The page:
The gender identity service failed hundreds of vulnerable children
The announcement that the gender identity service at Tavistock & Portman NHS Foundation Trust (GIDS) has been ordered to close by next spring is a massive relief. Following a review that found that it failed vulnerable under-18s (as evidenced in the Cass Report, an update to which was published today), its imminent closure is yet another example of how children have been sacrificed at the altar of transgender ideology.
Growing up in the 1970s on a council estate, I, like most females, struggled with my feelings about girlhood. Conformity was everything, and I hated dresses, tights and wearing my unruly hair in bunches. On occasion I would lock myself in the bathroom and try my brother’s Brutus Jeans and t-shirt on, imagining what it would be like to be able to dress as I wanted. I had no interest in boys and a crush on my best friend. Had I been born 40 years later with liberal, middle-class parents, I would have been offered a trip to the gender clinic and I would have run all the way there. I was desperate to be a boy — not because I was trapped in the wrong body, but because I was trapped in a patriarchal society that punishes girls for not adhering to sex stereotypes, otherwise known as “gender”.
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In recent years, more and more children have been directed towards a life of potentially harmful medical intervention as an answer to feelings of unhappiness and distress. Last year, more than 5,000 under-18s were referred to the Portman, compared to 250 a decade earlier. Whereas it used to be far more common for males to present as gender dysphoric, in recent years the number of girls and young women have skyrocketed. What is it, I wonder, about being female in a world full of misogyny, violent pornography, and sexual assault have to do with wishing to opt out of girlhood?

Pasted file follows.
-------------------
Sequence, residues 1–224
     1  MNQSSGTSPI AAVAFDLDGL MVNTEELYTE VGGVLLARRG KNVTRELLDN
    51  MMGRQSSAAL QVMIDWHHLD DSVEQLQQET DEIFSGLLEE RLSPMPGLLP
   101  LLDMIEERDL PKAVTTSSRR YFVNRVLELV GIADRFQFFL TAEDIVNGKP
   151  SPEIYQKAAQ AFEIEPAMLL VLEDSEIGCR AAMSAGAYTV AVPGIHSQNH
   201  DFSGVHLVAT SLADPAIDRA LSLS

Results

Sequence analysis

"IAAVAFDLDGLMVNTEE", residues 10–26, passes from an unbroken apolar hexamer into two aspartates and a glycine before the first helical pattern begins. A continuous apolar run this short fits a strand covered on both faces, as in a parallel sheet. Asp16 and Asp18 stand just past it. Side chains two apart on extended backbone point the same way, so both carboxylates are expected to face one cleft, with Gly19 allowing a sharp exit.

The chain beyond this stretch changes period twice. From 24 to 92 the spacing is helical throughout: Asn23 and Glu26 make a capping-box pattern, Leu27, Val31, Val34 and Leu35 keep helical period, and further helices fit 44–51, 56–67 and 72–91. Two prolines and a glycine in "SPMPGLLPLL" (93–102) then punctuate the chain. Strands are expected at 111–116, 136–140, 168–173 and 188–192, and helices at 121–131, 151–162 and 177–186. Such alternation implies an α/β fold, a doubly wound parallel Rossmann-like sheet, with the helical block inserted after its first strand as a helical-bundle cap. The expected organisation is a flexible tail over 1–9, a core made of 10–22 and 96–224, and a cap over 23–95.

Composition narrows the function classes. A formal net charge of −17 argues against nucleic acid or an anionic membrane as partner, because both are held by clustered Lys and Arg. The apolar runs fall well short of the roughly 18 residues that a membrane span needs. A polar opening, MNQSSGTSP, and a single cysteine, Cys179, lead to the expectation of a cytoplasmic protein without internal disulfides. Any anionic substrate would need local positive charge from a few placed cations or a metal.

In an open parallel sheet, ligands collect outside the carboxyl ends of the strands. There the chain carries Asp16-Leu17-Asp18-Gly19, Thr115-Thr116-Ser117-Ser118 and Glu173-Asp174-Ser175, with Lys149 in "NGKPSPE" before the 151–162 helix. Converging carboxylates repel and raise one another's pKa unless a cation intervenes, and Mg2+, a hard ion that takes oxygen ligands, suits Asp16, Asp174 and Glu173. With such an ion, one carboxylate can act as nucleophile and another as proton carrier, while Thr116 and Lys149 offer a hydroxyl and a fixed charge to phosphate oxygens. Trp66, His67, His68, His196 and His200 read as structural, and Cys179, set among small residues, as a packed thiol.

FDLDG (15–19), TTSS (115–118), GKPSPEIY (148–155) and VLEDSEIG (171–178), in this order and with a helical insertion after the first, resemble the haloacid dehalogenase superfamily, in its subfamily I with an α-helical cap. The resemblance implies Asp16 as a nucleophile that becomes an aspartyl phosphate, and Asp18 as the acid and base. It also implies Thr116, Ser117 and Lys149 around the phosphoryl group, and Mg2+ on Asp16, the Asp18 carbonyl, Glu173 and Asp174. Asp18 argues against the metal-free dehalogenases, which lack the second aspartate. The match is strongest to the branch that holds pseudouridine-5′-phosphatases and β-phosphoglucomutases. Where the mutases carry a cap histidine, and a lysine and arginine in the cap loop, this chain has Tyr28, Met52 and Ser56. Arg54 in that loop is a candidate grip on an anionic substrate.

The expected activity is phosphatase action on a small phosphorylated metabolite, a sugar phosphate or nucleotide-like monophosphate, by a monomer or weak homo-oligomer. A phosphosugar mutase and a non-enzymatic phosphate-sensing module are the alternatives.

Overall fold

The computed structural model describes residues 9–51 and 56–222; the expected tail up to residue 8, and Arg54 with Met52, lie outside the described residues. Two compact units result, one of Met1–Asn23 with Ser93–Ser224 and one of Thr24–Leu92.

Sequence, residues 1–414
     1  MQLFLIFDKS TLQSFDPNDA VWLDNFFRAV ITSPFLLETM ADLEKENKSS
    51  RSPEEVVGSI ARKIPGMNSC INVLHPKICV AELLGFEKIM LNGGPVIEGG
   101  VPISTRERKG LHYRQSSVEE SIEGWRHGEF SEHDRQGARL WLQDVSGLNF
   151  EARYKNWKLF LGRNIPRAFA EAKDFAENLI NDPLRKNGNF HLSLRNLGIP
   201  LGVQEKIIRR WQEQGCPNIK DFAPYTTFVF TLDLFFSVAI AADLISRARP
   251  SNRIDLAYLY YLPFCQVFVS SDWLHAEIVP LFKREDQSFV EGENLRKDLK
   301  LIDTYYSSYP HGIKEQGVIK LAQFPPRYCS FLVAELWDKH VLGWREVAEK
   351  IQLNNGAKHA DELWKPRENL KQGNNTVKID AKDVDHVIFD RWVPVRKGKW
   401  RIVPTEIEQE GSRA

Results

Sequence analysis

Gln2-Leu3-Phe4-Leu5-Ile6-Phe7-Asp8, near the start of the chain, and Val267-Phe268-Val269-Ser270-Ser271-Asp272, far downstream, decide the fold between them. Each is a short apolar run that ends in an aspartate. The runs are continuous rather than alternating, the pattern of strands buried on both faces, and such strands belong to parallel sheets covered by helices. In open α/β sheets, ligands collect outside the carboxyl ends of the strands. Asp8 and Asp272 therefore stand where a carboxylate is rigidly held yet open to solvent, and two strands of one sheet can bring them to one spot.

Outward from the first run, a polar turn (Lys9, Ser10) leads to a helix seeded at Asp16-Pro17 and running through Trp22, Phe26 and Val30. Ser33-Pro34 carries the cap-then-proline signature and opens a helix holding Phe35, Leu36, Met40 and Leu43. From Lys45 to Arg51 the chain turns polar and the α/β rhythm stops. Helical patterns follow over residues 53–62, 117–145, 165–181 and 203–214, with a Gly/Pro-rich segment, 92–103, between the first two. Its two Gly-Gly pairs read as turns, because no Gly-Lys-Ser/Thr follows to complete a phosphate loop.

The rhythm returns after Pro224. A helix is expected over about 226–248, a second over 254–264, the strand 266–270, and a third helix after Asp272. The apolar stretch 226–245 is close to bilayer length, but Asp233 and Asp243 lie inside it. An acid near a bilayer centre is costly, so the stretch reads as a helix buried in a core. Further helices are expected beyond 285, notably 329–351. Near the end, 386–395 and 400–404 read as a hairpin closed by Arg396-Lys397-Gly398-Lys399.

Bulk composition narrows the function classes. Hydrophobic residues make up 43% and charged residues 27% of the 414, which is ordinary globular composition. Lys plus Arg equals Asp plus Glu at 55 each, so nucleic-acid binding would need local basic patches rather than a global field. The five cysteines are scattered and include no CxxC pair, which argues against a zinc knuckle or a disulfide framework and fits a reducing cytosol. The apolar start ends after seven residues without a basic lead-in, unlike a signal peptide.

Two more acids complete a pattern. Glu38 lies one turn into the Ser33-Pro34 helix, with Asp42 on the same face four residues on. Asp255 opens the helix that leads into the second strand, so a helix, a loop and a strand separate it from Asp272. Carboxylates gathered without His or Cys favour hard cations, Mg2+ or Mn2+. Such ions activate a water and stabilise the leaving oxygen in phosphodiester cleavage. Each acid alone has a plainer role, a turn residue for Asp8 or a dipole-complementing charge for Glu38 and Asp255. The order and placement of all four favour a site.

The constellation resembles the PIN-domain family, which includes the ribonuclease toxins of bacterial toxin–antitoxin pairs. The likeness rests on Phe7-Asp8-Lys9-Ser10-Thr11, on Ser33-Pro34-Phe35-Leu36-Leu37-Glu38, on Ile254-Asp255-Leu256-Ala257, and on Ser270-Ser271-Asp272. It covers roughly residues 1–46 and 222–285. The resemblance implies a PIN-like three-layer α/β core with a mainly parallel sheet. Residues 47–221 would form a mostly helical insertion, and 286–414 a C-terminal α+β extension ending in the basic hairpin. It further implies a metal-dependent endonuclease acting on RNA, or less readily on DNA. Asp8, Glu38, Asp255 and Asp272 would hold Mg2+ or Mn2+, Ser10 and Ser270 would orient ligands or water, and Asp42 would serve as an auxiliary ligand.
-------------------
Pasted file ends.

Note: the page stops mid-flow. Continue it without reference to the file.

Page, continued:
GIDS will be replaced by regional centres at existing children’s hospitals offering with strong links to mental health services. That makes sense, because, spin it as you will, feeling so distressed by your own body that you feel driven to live as the opposite sex is not a sign of sanity.
A recent poll highlighted widespread public scepticism about prescribing puberty blockers for children, which is absolutely right and proper. And yet is was framed as an “erosion in support for trans rights” rather than a correct scientific response. Charities that purport to represent the interests of gender dysphoric children, such as Stonewall and Mermaids, put their energy into framing talking therapies and support for kids to live happily in their own bodies as “conversion therapy”.
When I first wrote about the issue of transsexuality, published in 2003, I contacted GIDS and spoke to one of its senior clinicians. I asked whether children presenting as “gender dysphoric” might be victims of homophobic bullying, or child sexual abuse? It seemed to me that feeling alienated from a body that had been sexually violated was a common response to trauma. I was told “No”, and that some young people are transgender, and no amount of therapy to get them to accept their bodies will be effective.
GIDS has failed our most vulnerable children, and I, along with many, will be glad to see it go.